How do you set a big goal and just smash the shit out of it?
You’ve got to have accountability. Every big dream, every big goal that you set requires accountability in order to reach it.
So, let’s break this down.
A big goal you may have for this year is that you want to get a ton stronger. That’s not really specific. Maybe you want to get a little stronger. Maybe a ton stronger. What’s the difference in those two? If you don’t set a specific goal, you cannot have anything to aim at.
Why do so many of us fall into the lie of waiting for a “perfect” time?
It’s as if we’re waiting to believe we suddenly receive inspiration, like an epiphany that comes to us. In all reality, we find inspiration by taking action and moving forward. Just like a snowball slowly rolls until it builds into an avalanche, so must we start out by moving forward.
This week’s message shares that even if it’s not perfect, starting with something always beats waiting on perfection.
“Don’t be afraid of your fears. They’re not there to scare you. They’re there to let you know that something is worth it.” – C. JoyBell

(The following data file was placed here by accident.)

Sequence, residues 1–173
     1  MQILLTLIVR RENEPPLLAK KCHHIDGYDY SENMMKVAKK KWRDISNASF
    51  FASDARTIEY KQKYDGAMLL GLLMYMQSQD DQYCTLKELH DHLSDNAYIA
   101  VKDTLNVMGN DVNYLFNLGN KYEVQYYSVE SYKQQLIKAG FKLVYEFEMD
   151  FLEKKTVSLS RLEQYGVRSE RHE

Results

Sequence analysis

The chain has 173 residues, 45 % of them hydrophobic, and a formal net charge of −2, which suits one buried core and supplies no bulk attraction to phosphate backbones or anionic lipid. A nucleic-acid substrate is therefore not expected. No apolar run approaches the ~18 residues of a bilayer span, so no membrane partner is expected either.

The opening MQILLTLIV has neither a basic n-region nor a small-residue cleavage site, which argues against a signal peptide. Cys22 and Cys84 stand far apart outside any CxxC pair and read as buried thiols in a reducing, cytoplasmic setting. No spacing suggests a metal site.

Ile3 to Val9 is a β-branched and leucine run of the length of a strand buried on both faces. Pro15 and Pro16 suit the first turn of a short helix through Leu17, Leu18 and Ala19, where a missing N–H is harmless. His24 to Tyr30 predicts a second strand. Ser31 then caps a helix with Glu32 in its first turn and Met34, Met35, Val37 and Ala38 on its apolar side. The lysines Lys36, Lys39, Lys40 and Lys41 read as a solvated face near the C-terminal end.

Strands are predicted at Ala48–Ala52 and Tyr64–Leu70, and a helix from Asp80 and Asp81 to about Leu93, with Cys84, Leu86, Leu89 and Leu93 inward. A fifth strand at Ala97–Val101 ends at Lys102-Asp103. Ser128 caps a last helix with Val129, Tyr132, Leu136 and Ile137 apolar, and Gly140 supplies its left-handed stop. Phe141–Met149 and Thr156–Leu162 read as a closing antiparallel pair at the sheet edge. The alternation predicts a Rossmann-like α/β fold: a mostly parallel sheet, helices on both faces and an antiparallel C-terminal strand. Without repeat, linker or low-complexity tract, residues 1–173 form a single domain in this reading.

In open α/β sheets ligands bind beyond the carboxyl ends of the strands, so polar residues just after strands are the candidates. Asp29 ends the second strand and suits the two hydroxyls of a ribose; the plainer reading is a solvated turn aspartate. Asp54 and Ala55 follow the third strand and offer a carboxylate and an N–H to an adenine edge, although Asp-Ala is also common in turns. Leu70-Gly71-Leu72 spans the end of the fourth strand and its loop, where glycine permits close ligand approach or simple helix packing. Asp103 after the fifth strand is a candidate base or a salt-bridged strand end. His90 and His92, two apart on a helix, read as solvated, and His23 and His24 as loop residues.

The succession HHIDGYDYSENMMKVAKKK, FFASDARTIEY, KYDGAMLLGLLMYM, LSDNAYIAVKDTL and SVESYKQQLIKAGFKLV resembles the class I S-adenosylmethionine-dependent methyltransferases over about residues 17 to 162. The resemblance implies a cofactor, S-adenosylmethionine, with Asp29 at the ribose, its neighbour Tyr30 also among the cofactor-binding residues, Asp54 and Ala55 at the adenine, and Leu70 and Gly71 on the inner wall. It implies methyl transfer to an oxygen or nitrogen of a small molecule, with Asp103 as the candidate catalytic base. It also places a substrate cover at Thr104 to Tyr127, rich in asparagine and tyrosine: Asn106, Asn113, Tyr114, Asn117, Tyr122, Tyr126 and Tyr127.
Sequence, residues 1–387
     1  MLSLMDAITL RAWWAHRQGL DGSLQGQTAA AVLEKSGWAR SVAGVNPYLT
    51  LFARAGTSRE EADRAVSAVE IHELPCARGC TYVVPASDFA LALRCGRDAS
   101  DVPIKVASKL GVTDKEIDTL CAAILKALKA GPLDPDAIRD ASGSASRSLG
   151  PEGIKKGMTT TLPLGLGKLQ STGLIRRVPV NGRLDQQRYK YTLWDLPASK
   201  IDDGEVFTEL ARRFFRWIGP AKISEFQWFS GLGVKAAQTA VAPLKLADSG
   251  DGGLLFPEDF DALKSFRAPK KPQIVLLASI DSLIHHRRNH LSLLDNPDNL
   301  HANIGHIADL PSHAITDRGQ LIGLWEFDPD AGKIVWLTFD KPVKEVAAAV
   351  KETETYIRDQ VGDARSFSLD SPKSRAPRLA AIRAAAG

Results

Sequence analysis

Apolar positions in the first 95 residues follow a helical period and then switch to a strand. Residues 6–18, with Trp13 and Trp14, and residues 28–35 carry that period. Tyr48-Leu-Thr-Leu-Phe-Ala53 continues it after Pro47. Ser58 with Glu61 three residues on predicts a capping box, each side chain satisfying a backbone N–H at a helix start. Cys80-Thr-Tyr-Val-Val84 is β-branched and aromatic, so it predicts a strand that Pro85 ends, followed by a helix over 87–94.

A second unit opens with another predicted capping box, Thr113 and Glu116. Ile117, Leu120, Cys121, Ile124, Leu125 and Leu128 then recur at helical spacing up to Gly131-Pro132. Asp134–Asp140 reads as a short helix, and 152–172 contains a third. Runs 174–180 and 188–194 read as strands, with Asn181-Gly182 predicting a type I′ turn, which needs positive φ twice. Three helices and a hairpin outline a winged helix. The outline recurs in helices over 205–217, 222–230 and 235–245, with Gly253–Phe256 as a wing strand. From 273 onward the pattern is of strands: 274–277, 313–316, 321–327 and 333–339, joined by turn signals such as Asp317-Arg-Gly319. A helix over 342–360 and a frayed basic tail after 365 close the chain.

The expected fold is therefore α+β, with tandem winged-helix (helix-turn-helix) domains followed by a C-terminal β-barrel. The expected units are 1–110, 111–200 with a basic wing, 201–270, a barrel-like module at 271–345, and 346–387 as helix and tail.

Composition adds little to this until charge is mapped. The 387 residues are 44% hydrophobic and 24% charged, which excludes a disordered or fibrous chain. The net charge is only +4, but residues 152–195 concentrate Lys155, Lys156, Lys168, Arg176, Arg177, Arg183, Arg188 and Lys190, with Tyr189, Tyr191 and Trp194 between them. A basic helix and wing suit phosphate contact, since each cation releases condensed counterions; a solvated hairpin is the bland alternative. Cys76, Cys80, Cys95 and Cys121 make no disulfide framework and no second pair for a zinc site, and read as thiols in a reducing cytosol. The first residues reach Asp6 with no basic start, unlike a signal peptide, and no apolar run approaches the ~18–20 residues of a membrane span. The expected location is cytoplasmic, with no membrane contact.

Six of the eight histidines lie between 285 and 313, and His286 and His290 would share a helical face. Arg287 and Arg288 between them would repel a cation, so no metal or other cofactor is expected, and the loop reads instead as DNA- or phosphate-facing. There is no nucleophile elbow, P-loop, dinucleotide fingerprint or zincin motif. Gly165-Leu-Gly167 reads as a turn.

I love movies, and especially when a story is so powerfully told in a manner that makes you leave the theater in silence. The best stories are the ones that are true. I left two different movies in the last month with the same sense of awe in what I had just seen retold. The two movies?
There is a funny quote on Instagram that goes through every CrossFitter’s head during the course of a 20-minute, “as-many-reps-as-possible” workout. It goes:
- 0:25 – 1st round under 30 seconds, I’m going to kill this workout
- 1:15 – started too fast, can’t breathe
- 5:00 – where is the chalk bucket?
- 10:00 – half way? Screw my life..
- 15:00 – that damn clock is broken..
- 18:00 – coach is watching, keep moving, don’t die.
- 20:00 – oh thank goodness
- 25:00 (5 minutes post-workout): that wasn’t too bad, I could’ve gotten another round
Every person I’ve showed that to who has experienced a 20-minute workout like this immediately laughs. They know the feeling. They remember wanting to absolutely die during the workout. They remember staring in disbelief that it’s only been 10-minutes of the 20 minute workout. And they all remember the thoughts in their head of quitting.
The thoughts that at minute 16:00 say, “you can stop now, just slow down.” Or perhaps the ones at minute 18:00 encouraging you to pack it in early. Seriously, you just poured yourself out for 18 minutes and you’d honestly consider quitting with 120 seconds left?
That’s like picking up the football at your own 1-yard-line, juking the entire defense twice, and then laying down at the opponents two-yard-line, just short of a touchdown because you got “tired.” Of course you wouldn’t do that. You’d dive into the endzone having received your goal.
Same applies to life.